It’s no surprise that bikinis filled the Rio de Janeiro runway during FashionRio 2013
, the five-day Brazilian catwalk extravaganza that took place last week. But swimsuits aren’t the only items complemented by water that are capturing the imagination of designers these days. Indeed, new apparel and accessories collections that incorporate soil and seeds are sprouting up in the fashion scene.
Green Line Series: Stevie Famulari
’s Green Line Series
consists of five plant-embedded garments that grow, flower and reseed themselves. Each gown and coat in her visionary collection contains over 5,000 living blossoms, including poppies, daisies and baby sprouts. Famulari, an assistant professor of landscape architecture at North Dakota State University
, originated the park-turned-dress concept by reinterpreting iconic gardens like Central Park
as formalwear. These may not be the most breathable garments, but each is lined with waterproof material to ensure that it is in fact wearable. Though an exhibition at Fargo’s Plains Art Museum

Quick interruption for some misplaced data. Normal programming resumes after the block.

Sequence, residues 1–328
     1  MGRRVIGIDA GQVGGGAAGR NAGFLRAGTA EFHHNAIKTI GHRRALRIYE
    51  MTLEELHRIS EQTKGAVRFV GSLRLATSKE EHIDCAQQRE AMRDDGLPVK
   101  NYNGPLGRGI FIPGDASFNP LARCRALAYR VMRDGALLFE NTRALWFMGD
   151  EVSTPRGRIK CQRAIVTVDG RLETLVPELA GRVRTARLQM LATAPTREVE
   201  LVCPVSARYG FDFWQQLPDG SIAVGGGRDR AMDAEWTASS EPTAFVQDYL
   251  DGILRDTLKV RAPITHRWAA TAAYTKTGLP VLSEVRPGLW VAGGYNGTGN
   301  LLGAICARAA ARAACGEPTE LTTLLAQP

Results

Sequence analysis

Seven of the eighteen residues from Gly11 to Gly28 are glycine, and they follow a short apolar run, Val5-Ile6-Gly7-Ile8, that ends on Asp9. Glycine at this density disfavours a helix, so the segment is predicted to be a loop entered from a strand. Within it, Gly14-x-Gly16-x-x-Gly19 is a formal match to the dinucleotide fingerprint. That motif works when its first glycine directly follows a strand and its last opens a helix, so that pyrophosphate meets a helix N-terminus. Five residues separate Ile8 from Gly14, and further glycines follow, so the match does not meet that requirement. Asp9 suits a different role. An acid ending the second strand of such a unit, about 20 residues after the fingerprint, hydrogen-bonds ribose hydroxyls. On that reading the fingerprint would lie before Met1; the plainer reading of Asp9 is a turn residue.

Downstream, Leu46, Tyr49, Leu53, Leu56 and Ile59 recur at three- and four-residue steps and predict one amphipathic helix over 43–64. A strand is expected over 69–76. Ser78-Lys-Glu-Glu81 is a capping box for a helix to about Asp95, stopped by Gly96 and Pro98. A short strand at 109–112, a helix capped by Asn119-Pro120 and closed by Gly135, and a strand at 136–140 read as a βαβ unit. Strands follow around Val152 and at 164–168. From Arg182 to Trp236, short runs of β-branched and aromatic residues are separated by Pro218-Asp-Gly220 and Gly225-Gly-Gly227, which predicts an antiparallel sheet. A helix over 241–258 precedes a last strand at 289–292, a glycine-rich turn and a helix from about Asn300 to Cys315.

just concluded, with any luck these true originals will hit the party circuit this summer.
Operating under the belief that “the world would be a happier place if people appreciated nature a little more,” Atlanta-based designer Colleen Jordan’s Wearable Planter
brand allow wearers to keep gardens physically close to their hearts. The jewelry collection, which is produced using the much-talked about 3D printing technology
, consists entirely of plastic brooches and pendant necklaces that hold a small bit of dirt and one tiny sprig, succulent, air plant, or posy. In addition to her desire to promote the importance of greenery, Jordan developed the line to exhibit how inexpensive plastic can be used to make items of heirloom quality that will last for thousands of years just like precious metals.
Lithuanian designer Egle Cekanaviciute
collection of minimalist clothing is made of raw, organic fabrics, including potato sacks and tailor’s muslin, that have been deconstructed to double as wearable planters. Each of the line’s six garments has been distorted in strategic places, like the sleeves and pant pockets, to allow room for soil, seedlings and growing plants. Inspired by the common occurrence of grass shooting up through cracked pavement, Cekanaviciute created the collection as a visualization of our fundamental helplessness against the power of nature. While the clothes may be impractical for everyday situations, Seed is a line that will certainly grow on you (literally).